1.3 Free fatty acid stratum corneum

The free fatty acid stratum corneum is mainly composed of a linear free fatty acid of more than 20-C, and is the same as cholesterol sulfate, both of which are charged ionic groups, and thus it is considered to be involved in the formation of a lipid bimolecular membrane structure. At the same time, the secretion of free fatty acids is related to the pH value of the epidermis. The free fatty acids in the ionic state are responsible for the change of pH value, and the pH value is maintained between 4.0 and 5.5. The pH of the stratum corneum can control the physical properties and stability of the lipid membrane by adjusting the lateral structure of the membrane. Deprotonated free fatty acids affect the interaction between lipids and lipids, such as the tension of the lipid domain, such that the linkage between the lipid domains may be defective, that is, the membrane barrier is destroyed, thereby causing active infiltration.


2 Intercellular lipids and diseases


2.1 Psoriasis

Psoriasis in long-chain ceramides that bind free fatty acids in lesions of psoriasis and ceramide and sphingomyelinase levels containing 4-hydroxydihydrosphingosine are lower than their normal skin, but the total amount of ceramide No change indicates that the effect of ceramide reduction on the skin barrier may not be due to a decrease in total amount but to a disordered proportion of ceramide species.


2.2 Atopic dermatitis

The ceramides in skin lesions and non-lesional skin of patients with atopic dermatitis decreased, especially ceramide-1 decreased most. And for both, the composition of ceramides is also different. For example, the ceramide containing α-hydroxy fatty acid in the patient’s skin lesions is reduced, while the ceramide containing sphingosine is increased, and the normal skin is the opposite.


3 The structure of lamellar bodies and its effect on intercellular lipids


3.1 Structural lamellar body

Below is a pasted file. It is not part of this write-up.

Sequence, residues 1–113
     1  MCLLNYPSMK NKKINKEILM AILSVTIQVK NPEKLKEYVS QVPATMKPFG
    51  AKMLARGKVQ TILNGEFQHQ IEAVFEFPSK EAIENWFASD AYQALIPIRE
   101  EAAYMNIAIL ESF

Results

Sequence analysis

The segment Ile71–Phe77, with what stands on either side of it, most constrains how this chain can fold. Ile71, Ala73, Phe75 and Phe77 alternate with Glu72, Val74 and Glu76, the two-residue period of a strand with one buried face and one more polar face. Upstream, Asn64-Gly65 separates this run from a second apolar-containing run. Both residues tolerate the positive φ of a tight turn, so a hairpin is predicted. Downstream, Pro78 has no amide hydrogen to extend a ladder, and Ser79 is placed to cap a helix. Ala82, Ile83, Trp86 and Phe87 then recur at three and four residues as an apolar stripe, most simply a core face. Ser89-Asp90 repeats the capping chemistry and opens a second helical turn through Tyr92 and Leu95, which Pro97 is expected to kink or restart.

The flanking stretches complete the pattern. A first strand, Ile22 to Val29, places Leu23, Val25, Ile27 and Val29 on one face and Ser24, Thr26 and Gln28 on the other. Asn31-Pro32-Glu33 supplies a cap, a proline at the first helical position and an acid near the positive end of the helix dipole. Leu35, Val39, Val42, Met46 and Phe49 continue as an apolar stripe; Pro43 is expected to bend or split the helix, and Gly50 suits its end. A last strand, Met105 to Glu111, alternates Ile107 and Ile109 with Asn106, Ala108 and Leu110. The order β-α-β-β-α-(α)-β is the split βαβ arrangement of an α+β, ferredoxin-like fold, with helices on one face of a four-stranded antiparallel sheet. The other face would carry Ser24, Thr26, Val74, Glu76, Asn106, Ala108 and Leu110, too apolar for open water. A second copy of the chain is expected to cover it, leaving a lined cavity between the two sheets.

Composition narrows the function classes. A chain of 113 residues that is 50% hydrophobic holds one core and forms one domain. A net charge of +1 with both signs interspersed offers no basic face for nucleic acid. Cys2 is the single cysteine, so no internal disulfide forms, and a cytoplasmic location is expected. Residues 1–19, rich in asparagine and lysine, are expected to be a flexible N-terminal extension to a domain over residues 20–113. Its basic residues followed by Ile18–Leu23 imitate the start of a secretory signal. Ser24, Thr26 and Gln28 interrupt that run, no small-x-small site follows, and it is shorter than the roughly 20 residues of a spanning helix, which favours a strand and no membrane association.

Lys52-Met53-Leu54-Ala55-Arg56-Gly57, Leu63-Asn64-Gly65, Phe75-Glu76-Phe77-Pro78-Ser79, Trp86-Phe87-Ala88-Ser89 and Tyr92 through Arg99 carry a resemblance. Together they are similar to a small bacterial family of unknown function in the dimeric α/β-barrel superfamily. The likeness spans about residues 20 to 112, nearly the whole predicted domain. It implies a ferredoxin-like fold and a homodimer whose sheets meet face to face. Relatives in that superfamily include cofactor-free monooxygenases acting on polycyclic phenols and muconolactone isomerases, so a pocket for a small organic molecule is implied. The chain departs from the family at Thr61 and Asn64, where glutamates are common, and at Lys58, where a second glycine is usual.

The structural lamellar body is located in the epidermis and is oval in shape. It is a bilayer membrane secretory organelle with a size of about 0.2μm×0.3μm. It is formed by differentiation of keratinocytes. It is first seen in the upper part of the spinous layer and gradually moves up to the granular layer. And significantly increased. The lamellar body is a very complex secretory structure containing a variety of lipids, enzymes and proteins.


3.2 Effect on intercellular lipids

The lamellar bodies play an important role in the transport of lipids from the granular layer to the stratum corneum. Studies have shown that ABCA is a lipid transporter, and ABCA12 has an indispensable effect on the aggregation of glucosylceramide in lamellar bodies. Mutations in the loss of function of ABCA12 result in lamellar bodies not being able to synthesize normal substances and forming extracellular bimolecular lipid membranes. In the study of harlequin-like ichthyosis, it was found that the loss of ABCA12 function leads to a barrier to lipid transport in the stratum corneum, which causes HI, and thus is considered to be a transporter involved in the transport of keratoses. Akiyama et al. believe that ABCA12 has a partial loss of function, which is related to the occurrence of type 2 lamellar ichthyosis. But at present, it is unclear how cholesterol and phospholipids are transported to lamellar bodies.


  1. Effects of lamellar bodies and intercellular lipids on skin barrier

When mechanical damage such as tape sticking repeatedly, local solvent or repeated cleaning of the cleaning agent causes acute damage to the skin barrier, the lamellar body and the lipid react rapidly to restore the barrier function.


4.1 Lamellar bodies